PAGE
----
As organic reach increasingly becomes a thing of the past, winning a budget for paid social—and proving out its value—is a must for any brand’s social strategy. But that doesn’t have to be a scary thing for those making their foray into the paid social world. As Facebook continues to roll out product updates—and other platforms grow more sophisticated in analytics, tracking and even marketing automation—the opportunity to leverage paid social content into real-world results has never been better. Here are some tips on how to approach promoted posts.
Google Analytics can be a powerful tool for measuring the effectiveness of PR work—but only if you know where to look. New users can easily be overwhelmed by Google Analytics, falling prey to “analysis paralysis” in trying to navigate its many moving parts. Here’s a quick checklist of where to look, and what to look for, as a primer on navigating all of that data.
The choice to use a picture without any dark-skinned people to pat oneself on the back for “diversity” is an odd and ill-informed one. The lesson that communications pros should remember is that visual storytelling is a language—a language that, though as rich and nuanced as any language can be, relies heavily on the first impression, the momentary glance.
Live streaming has seen a huge surge in popularity this year, and Facebook Live has provided communicators with a powerful new platform to share their brand stories. Despite its popularity, it’s difficult to show ROI with Facebook Live campaigns, and it can be tricky to ensure your audience is ready and waiting when you go live. Karen Vega, director of social and earned media activations at Viacom, has brought a potent combination of influencer marketing, measurement and media outreach to her Facebook Live strategy. She offers some tips here.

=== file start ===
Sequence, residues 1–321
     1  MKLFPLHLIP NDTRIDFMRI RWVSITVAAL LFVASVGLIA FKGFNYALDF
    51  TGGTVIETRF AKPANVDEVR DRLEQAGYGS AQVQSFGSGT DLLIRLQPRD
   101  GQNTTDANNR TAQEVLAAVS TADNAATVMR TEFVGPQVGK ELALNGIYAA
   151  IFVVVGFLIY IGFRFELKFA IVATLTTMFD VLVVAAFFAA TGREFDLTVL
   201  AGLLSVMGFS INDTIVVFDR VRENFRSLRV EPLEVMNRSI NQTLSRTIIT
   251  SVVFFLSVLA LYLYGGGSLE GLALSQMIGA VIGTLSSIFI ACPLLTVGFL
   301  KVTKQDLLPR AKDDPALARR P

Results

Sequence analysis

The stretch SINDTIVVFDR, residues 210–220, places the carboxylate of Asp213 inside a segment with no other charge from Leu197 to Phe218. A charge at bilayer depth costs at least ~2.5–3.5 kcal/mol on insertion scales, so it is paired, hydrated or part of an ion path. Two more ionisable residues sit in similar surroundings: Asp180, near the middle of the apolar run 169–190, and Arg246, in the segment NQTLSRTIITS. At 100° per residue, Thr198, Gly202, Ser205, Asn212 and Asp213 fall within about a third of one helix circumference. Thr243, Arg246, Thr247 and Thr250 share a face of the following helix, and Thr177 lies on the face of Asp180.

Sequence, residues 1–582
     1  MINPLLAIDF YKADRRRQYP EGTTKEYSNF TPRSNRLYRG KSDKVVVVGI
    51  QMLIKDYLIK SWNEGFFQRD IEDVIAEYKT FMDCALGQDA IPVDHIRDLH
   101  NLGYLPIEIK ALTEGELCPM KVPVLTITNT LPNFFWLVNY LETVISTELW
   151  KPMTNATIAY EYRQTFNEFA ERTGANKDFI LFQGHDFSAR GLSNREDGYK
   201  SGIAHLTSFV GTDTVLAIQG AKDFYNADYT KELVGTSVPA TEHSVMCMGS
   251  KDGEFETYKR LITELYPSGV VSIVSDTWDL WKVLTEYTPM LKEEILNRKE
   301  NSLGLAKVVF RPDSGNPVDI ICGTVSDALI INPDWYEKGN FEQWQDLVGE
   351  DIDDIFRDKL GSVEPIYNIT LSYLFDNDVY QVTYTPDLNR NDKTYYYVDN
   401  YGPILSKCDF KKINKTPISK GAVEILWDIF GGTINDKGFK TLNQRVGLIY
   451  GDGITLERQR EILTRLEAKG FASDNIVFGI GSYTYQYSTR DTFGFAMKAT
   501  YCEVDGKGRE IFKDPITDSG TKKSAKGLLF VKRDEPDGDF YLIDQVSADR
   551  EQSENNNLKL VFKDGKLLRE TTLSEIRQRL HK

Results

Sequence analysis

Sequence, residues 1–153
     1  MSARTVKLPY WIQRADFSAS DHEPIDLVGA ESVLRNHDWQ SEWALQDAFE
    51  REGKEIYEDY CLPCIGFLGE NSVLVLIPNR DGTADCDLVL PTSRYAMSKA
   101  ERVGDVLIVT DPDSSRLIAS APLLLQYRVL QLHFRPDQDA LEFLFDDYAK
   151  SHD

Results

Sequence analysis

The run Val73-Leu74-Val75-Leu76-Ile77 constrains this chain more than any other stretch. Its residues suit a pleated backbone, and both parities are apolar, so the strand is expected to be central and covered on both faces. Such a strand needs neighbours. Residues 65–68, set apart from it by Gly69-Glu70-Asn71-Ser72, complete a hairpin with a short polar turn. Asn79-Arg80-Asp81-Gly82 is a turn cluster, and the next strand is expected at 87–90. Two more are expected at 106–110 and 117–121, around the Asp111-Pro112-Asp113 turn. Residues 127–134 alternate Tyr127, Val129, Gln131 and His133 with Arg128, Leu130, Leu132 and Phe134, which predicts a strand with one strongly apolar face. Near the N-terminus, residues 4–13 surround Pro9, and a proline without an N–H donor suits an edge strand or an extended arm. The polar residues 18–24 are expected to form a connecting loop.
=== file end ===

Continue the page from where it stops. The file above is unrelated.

Facebook has reported more metrics troubles for those who use its mobile platform (read: most Facebook users). The social platform has reported a discrepancy between Like and Share counts when a user enters a URL into the search bar in its mobile app. The true count of shares could be above or below the number reported; Facebook says it is working to resolve the issue.
When it comes to framing news in a flattering light to the right audience, Boeing has just pulled a deft PR judo maneuver that’s worth studying. On Dec. 11 Boeing signed a deal to sell 80 aircraft to Iran for $16.6 billion, a deal only possible because of the nuclear deal framework the Obama administration negotiated in 2015, which lifted economic and financial sanctions against Iran. But there’s a huge obstacle that could cause trouble come Jan. 20: Donald Trump.
While the world of public relations is often fast-paced and exciting (what most of us love about it) there is plenty of maintenance work that goes into the job as well, and some of that includes taking very unsexy topics and turning them into something that people care about. Next time you’re faced with writing about something that may seem dry or uninteresting, be it a byline, press release or even a presentation, consider these tips to spice it up for your audience.
In previous editions, we’ve noted engagement with brands’ social posts on Facebook in Q3 has been modest or even down (see PRNP, Nov. 7 & 21, for example). The thinking then was brands were investing more effort in other social channels, such as Instagram. Data for U.S. B2B brands in Q3 (July 1 – Sept. 30) on Instagram, provided exclusively to PR News Pro by Shareablee, proves the point. Total consumer actions, or engagement, with B2B brands posts on Instagram increased a whopping 80% compared to Q2 2015. Engagement with photos grew a modest 4%, yet video engagement grew a healthy 74%. Actions are defined here as the sum of reactions and comments.
For all the good that social media provides, it also, during times of crisis, can be the venue for horror stories about brands. We mentioned in our Dec. 5 edition the plight of Delta Air Lines, whose Thanksgiving turkey was ruined when an unruly passenger’s tirade—and the cabin crew’s failure to boot him from the aircraft—was captured on video.
With any new job comes the chance to learn from more senior team members, but also comes the chance to teach a senior team member. Understand that when I use the word “teach,” it doesn’t mean that the new hire is coming into the position with more knowledge than you. What it means is that the new hire is arriving with potentially different knowledge than you already have.